Prepping for a future when VR is every day life

MrGadget ?
Author MrGadget ?
Collection Global Tech News

Virtual and augmented reality is moving so fast it's easy to forget how we used to think about these technologies a year or two ago...

...or to even begin imagining how we'll stop thinking about immersive media altogether when it's an invisible part of every day life. That day is coming.

Here's a look at the past year of work from a special research team that experiments  with VR in order to prepare us for our future.

The video is narrated by Vi Hart, a member of eleVR, a 4-year-old non-profit research team hosted by YCombinator Research. She goes through main themes, examples, and learnings of the year's work. 

87the modern incarnation of Xerox Parc88the innovation arm of Xerox responsible for several of computing's most important advances.

TECHNOLOGIES FOR THINKING

What the headset shows us isn't reality, but the experience is real and it changes how we feel and how we think. A virtual object once seen continues to linger, for example, and can be referenced, shared and pointed at, becoming a real part of our common experience, Hart says in the video.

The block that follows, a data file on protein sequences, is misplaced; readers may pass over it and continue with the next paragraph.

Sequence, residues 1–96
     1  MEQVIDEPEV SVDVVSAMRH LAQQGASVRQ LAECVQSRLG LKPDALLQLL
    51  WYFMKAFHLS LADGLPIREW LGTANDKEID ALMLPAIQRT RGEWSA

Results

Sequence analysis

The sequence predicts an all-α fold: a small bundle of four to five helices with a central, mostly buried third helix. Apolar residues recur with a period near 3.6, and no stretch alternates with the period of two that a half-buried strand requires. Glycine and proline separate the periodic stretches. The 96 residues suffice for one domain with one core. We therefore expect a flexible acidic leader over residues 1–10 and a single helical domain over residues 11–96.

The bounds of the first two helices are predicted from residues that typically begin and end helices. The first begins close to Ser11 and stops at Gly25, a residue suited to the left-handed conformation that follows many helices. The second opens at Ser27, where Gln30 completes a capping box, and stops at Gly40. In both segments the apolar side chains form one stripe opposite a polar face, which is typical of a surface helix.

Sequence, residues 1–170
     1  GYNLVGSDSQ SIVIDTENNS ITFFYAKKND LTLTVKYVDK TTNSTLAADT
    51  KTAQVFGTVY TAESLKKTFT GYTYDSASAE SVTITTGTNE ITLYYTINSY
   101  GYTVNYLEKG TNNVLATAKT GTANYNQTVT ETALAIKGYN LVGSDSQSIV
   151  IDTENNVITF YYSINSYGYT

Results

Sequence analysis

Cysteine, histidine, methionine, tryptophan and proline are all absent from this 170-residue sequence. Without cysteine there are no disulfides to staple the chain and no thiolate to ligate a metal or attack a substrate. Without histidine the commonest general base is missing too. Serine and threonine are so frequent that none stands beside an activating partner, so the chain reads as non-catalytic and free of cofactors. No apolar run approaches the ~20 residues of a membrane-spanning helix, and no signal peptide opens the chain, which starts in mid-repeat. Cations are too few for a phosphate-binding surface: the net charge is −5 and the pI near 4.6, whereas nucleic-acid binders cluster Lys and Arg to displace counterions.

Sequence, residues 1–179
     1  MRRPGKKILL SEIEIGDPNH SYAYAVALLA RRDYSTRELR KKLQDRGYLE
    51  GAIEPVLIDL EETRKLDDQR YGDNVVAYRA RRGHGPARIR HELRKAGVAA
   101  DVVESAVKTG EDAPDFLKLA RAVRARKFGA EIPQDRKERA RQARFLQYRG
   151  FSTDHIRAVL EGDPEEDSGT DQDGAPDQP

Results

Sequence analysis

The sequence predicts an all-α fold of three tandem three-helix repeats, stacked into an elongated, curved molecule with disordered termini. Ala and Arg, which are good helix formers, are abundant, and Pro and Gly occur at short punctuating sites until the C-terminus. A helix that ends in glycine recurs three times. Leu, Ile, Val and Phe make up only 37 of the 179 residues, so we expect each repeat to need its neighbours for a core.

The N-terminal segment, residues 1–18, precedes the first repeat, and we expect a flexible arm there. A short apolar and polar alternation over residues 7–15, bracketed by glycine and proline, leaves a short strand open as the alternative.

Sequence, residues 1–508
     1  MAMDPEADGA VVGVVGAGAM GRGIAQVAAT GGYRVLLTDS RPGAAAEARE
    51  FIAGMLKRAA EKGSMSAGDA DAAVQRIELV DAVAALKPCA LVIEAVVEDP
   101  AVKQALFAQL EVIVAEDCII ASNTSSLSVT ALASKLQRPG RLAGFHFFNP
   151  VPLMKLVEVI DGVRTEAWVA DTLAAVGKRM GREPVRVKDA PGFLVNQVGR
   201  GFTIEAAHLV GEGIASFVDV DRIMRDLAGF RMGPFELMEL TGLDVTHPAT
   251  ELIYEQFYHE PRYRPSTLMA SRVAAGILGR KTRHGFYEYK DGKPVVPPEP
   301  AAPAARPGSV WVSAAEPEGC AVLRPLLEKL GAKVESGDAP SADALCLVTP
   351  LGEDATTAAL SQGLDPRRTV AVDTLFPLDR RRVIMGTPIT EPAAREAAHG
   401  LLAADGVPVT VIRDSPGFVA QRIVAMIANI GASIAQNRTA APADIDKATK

Virtual experiences linger in our bodies too which you'll recognize if you've ever checked yourself after a session in a VR headset, when you try to walk through a physical obstacle.

EMBODIED KNOWLEDGE

174augmented understanding175 use our own body knowledge and real-time feedback to understand things we couldn’t understand before, like complex mathematical concepts. 

201also looking at the philosophical implications of how new technology will change our understanding of ourselves.202

THE OFFICE OF THE FUTURE

The Office of the Future project revealed thatin a VR world work gets done on the floor. 

270how bodies want to work271

The answer: a workspace designed with props borrowed from the field of restorative yoga. 

ART-BASED RESEARCH

You can't use the scientific method to arrive at a hypothesis, says Hart. eleVR has been borrowing methods from the art world and using them in self-aware ways to push boundaries to new questions that aren't along the usual path, Hart says.

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